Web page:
Meeting staffing demands and ensuring a hospital has the right personnel at the right time is not usually an easy task. However, Bryan Medical Center in Lincoln, Nebraska developed a unique way to meet the challenge. The central staffing office utilizes Cerner Clairvia℠ Staff Manager and Demand Manager in a central scheduling office to save time and address scheduling issues.
"Staffing is such an important part of the day-to-day functioning of the units, and to have the support of the central staffing office is beneficial," said Angela McCown, BSN, RN, orthopedic/trauma and medical surgery oncology nurse manager. "The staffing office knows the resources available throughout the organization."
Clairvia allows Bryan employees to project staffing resources, as well as create and manage schedules for the medical, surgical, intensive care unit (ICU), neonatal intensive care unit, labor, delivery, emergency and nursing departments.
"It's proved to be a cost-effective way to manage schedules by relieving nurse managers of the time-consuming task of producing their own schedules," said Lisa Vail, CNO, vice president of patient care services. "It also provides a valuable tool for administrative managers to manage the complexities of patient throughput, allowing us to make adjustments in our daily staffing levels throughout the day to best meet the needs of our patients."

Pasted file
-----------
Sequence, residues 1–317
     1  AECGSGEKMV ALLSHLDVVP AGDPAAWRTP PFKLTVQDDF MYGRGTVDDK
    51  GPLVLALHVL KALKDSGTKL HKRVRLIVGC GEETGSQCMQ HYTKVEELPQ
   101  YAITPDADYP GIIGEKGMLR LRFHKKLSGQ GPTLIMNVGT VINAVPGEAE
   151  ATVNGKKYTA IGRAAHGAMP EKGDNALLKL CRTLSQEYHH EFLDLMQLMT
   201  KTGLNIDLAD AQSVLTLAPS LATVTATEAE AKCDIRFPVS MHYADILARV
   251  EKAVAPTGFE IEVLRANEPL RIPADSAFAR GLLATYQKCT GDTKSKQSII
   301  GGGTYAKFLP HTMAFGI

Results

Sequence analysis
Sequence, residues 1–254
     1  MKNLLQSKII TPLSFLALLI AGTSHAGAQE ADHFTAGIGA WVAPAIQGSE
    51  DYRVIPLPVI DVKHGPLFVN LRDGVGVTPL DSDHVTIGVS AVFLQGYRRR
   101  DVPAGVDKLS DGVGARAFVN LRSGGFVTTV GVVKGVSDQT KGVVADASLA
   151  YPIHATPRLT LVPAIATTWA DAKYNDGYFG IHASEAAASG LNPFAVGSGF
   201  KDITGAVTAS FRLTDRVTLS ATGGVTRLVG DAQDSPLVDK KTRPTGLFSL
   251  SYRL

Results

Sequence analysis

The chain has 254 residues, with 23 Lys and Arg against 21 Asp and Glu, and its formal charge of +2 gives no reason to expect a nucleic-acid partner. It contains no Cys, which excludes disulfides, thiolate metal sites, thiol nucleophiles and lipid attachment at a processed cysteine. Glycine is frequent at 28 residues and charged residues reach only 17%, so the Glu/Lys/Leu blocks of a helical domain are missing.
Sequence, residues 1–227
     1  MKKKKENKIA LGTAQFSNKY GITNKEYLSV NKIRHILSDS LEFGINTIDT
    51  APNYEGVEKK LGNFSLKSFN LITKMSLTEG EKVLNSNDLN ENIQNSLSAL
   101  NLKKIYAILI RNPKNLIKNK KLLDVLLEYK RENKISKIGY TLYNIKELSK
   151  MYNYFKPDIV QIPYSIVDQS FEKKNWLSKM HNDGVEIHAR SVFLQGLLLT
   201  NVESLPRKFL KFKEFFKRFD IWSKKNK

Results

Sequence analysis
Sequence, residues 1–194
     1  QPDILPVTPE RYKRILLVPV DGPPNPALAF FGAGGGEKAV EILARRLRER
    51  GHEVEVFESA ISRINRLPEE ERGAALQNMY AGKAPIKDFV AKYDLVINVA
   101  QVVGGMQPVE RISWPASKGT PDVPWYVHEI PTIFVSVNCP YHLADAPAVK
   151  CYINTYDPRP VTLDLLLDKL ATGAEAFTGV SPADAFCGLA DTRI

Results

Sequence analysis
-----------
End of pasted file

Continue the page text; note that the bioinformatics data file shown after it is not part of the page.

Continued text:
Prior to Clairvia, the staffing office only scheduled nursing, but after Clairvia, leadership added 11 ancillary departments with no additional full-time employee (FTEs) equivalents. The eight staffing assistants, which consist of the equivalent of 5.8 FTEs, or 232 hours, in the scheduling office, create schedules for 34 nursing units and 11 ancillary units.
Office staff release schedules on a staggered basis to distribute the workload evenly. It also provides monthly reports on various staffing issues, including extra shifts, canceled hours and the number of PRN and registry RNs each month, among other reports.
"The staffing office tracks my ill and absent calls and provides monthly reports," said Tali Peterson, RN, cardiac ICU manager. "The staffing office keeps track of low volume numbers, so if we have to put someone on call, we know whose turn it is."
In addition, the staffing office makes sure all employees receive equal treatment when it comes to scheduling.
"It is built without bias for any staff member, and you know it is done fairly," said McCown.
The director of women's and children's health, Wendy Muir, MSN, RN, said leveraging one central staffing office helped standardize and improve scheduling.
"The standardized process, consistent language and data produced by the staffing office are valuable in making decisions," she said. "The consistency gives confidence to our leaders they are making fair decisions, based upon accurate data."
For more on workforce management, visit our Model Experience website.
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